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Anna Dickinson Lectures on "Women's Rights" & Politics

December 12, 1864-Dated Civil War Period, Autograph Letter Signed by James Livington, mentioning Anna Dickinson, American Lecturer and Advocate for Women's Rights and the Abolitionist movement against Slavery, Very Fine.

This wonderful, 8" x 5" four page letter is dated December 12, 1864, and is written from Elmira, New York, by Paymaster's Clerk, James L. Livingston to his father, Captain Robert W. Livingston. Apparently not a fan of Women's Suffrage, he writes, in part:

"...Anna Dickinson lectured here last Tuesday, and made a perfect Ass of herself. She lectured on 'women's rights' and in trying to explain why ladies ought to have the same wages as men, she illustrated it by saying that there would not be half so many harlots in our great cities if they could get larger pay in some honorable calling. A good many of her congregation got disgusted and left. But for my part, I thought the subject a much more fitting one for a lady than the one she used last Spring, when she was here, viz, 'Politics and Abolitionism.'" -- (Signed) "Very affectionately Your Son, Jim" and docketed, "J. L. Livingston Dec. 15/64"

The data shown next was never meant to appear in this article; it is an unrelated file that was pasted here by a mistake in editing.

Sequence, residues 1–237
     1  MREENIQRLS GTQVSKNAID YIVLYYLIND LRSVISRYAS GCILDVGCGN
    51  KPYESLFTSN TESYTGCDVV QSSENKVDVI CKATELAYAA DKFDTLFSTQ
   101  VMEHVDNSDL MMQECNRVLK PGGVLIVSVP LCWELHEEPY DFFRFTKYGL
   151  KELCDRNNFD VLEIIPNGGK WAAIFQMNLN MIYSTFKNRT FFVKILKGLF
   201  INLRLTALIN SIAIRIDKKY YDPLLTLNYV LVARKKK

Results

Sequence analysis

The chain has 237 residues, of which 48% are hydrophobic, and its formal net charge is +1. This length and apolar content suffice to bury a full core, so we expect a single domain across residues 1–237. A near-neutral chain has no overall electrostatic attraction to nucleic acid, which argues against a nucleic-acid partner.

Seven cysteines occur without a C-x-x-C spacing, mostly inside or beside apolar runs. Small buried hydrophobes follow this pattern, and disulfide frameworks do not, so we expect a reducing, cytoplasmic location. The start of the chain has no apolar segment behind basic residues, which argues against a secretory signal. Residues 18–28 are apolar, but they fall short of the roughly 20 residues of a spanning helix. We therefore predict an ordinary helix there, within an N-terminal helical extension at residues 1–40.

This original letter in very nicely written upon lined wove period paper. It is lightly toned at a vertical fold. Written in light brown ink, his excellent penmanship makes for an easy read, recording this young man's day to day thoughts and experiences during the Civil War era.
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